by Anastasia Marks
Beginning in July with the Tahoe Lake Tournament, the boys’ water polo season begins earlier than most Villanova sports. With almost three months of preseason training before September, the team is trained and ready long before their first game.
Under the leadership of coaches Jermaine Britton and Leah Walters, the varsity team opened the season strong, finishing first place at the Pioneer Valley Tournament in Santa Maria. This victory included a 7-6 sudden death overtime win in the championship game over Nipomo High School. “This team had pretty good chemistry and was fairly balanced,” Coach Britton said regarding the tournament. “They showed some resilience as we were able to win a tournament despite losing the first game of it.”
Headed by senior captains Joseph Griffen and Ryan Pierson, the varsity water polo team finished with a record of 10-8, opening with a win against Channel Islands and including the ever-important home win against crosstown rival: Nordhoff High School. With this year’s powerhouse team, the expectations were high for the season. Coach Britton considered the team’s overall performance and shared his opinions.
“Unfortunately this was one of the most competitive leagues this season, and we just fell a little short,” said Coach Britton regarding their record. However, his comments did exude positivity about his players. “[My favorite part of coaching is] personality; whether they have some success or not, they are the same goofy group of guys that are fun to be around.” One of Coach Britton’s most important philosophies has been the fact that his athletes are well-rounded, being able to play sports and maintain their grades. Sophomore Cameron Brock, a veteran of the junior varsity team, talked about how water polo has affected his performance as a student. “It took a toll on my grades as a freshman,” Brock said, “but I later was able to get more organized with my time and was ultimately able to juggle school and sports and [learned] to be successful in both.”
An important pillar of water polo is teamwork and the ability to win and lose as a unit. Since Coach Britton has worked to ingrain that idea into his players, it seems to have settled well on the whole team. Brock explained how unity, a value that Villanova holds to the highest standard, is one of the most important parts of playing water polo. “This season we became more of a family,” Brock explained. “We bonded over just about anything from a nicely executed play to a play that failed miserably. We may not have won as much this year, but it was by far more enjoyable.”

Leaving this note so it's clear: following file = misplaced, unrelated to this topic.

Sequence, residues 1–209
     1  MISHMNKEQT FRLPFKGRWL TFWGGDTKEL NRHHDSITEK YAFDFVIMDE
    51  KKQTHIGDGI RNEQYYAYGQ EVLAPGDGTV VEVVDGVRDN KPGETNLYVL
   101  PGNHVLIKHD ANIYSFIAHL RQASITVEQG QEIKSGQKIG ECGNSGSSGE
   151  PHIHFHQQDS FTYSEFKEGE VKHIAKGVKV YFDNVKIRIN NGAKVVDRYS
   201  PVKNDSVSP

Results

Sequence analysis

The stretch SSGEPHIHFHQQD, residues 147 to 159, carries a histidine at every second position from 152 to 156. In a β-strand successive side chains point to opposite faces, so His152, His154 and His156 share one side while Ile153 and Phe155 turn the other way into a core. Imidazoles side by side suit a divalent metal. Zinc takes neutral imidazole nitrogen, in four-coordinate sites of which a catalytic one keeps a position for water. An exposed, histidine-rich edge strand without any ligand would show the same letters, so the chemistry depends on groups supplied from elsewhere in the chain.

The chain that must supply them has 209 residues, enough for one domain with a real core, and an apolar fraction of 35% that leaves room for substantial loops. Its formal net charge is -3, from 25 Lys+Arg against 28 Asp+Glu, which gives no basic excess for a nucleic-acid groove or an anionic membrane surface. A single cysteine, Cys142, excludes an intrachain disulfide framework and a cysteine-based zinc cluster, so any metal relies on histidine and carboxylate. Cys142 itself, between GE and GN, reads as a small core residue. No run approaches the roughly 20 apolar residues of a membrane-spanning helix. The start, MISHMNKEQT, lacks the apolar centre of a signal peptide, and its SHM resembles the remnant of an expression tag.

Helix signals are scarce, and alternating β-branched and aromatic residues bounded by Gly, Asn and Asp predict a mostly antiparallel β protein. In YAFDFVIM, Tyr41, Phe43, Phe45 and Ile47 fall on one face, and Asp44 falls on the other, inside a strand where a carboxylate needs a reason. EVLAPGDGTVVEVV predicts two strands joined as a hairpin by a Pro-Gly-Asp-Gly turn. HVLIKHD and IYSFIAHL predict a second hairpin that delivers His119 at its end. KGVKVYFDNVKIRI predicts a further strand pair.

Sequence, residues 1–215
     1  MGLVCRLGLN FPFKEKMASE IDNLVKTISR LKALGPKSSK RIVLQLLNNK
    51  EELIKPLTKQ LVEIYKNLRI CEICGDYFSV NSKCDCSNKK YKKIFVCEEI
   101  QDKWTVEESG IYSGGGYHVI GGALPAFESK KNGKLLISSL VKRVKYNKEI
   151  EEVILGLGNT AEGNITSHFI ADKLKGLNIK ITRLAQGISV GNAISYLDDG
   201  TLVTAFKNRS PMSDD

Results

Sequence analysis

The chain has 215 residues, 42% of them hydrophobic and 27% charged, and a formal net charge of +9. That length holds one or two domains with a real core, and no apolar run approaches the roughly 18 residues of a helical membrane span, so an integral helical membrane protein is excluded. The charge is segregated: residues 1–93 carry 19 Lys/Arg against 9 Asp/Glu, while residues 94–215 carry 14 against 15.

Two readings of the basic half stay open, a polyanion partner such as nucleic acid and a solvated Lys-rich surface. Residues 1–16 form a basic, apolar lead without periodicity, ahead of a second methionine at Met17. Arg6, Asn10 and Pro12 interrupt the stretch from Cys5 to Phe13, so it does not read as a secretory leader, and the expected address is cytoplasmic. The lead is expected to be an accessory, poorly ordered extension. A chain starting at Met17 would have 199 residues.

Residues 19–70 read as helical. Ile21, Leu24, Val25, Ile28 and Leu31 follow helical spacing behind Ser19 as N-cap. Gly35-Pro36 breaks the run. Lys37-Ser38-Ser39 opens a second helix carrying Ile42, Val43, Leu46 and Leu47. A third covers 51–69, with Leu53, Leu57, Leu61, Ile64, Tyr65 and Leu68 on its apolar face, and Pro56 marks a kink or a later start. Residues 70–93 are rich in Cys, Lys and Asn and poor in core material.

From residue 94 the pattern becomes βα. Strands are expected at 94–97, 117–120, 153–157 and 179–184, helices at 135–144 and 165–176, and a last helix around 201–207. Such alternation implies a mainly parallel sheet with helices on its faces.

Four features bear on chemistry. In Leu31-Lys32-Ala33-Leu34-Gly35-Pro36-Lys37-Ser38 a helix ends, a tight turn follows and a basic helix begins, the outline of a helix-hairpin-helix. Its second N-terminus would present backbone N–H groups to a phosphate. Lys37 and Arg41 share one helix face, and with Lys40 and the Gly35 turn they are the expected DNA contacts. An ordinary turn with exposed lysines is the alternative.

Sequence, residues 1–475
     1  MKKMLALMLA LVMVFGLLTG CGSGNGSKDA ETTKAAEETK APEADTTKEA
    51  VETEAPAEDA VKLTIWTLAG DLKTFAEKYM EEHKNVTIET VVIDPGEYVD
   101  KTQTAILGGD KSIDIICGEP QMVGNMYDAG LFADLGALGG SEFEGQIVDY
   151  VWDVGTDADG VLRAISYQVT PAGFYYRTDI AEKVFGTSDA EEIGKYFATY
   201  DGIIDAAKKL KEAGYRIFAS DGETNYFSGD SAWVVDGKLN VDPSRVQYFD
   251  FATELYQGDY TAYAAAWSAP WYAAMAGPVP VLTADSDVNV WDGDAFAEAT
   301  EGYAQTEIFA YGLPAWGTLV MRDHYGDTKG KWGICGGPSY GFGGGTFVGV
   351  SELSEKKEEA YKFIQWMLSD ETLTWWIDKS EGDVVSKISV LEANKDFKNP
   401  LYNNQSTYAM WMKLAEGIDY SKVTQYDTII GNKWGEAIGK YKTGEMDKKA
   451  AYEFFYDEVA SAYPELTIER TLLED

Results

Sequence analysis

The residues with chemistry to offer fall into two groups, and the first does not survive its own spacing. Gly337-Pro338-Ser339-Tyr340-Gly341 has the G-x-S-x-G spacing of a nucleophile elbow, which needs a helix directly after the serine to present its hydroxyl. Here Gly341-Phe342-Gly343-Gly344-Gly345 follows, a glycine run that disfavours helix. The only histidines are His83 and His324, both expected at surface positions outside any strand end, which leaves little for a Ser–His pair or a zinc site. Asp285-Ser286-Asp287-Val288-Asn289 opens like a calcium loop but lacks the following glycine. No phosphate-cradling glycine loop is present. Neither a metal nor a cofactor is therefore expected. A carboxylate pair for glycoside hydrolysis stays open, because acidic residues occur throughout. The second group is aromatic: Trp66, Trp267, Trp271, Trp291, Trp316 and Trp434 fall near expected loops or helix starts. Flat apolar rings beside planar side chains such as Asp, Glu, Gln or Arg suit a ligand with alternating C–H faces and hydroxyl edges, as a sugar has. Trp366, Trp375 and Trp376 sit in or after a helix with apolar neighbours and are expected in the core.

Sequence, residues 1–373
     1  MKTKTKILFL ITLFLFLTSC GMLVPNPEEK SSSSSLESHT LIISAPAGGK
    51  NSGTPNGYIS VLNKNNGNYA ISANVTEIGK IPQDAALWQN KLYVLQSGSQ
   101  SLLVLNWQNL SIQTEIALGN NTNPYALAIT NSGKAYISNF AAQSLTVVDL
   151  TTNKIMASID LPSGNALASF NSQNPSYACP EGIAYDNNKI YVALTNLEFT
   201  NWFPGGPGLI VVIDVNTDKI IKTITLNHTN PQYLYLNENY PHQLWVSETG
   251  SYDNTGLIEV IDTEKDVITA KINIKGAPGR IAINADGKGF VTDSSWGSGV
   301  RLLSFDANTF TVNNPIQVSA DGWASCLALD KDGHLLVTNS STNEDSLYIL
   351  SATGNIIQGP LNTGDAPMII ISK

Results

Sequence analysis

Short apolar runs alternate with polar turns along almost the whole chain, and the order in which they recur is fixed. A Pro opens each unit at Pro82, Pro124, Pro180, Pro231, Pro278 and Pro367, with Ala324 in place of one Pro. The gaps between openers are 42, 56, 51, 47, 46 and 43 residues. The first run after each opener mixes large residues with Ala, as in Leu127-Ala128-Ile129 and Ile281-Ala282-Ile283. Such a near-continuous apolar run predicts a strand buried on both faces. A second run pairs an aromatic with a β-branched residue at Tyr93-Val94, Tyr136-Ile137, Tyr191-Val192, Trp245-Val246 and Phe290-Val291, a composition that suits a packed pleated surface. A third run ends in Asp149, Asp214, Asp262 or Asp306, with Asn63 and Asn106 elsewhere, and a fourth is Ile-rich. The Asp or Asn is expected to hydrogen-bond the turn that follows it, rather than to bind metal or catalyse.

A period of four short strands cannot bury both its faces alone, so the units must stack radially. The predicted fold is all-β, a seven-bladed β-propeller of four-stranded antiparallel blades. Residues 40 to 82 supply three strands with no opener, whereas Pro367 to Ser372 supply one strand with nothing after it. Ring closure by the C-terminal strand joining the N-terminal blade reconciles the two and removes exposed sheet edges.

After developing such a strong bond, watching players move on and their team change is difficult for many players. This year, with the varsity team losing six of their senior players, the end is especially bittersweet. Joseph Griffen, who finished his final season with 170 saves, has been playing as goalie alongside his co-captain for four years. Griffen reflects on his time at Villanova and how water polo has shaped his experiences. “I’m going to miss going down to the pool deck every day,” Griffen said thoughtfully. “It was fun to be playing games with these guys, and I’m sad that I’m not going to be doing it again.”
The varsity, JV, and fresh/soph teams practiced hard for five months; JV finished with a record of 4-10, and fresh/soph finished with a record of 5-5. Varsity’s top scorer was Luke Peterson, a sophomore with 44 goals. Junior varsity’s was freshman Alex Trottno with 30 goals.
Ryan Pierson, senior co-captain, finished his final season of Villanova water polo with 37 goals. Pierson, who has also been playing water polo for four years, talked about how water polo has changed his time at Villanova for the better. “These guys are some of the closest since I was a freshman,” he said appreciatively. “Everyone’s positive. Even though the season had a poor outcome, we’ve gotten some of the best achievements we’ve had in a while.” Although Pierson was disappointed about the team missing playoffs, he talked about how water polo has helped him grow and taught him a lot about teamwork. Pierson shared a final quote, which he thought reflected one of the best lessons he learned from playing water polo for four years: “Together we are strong; separate we are nothing.”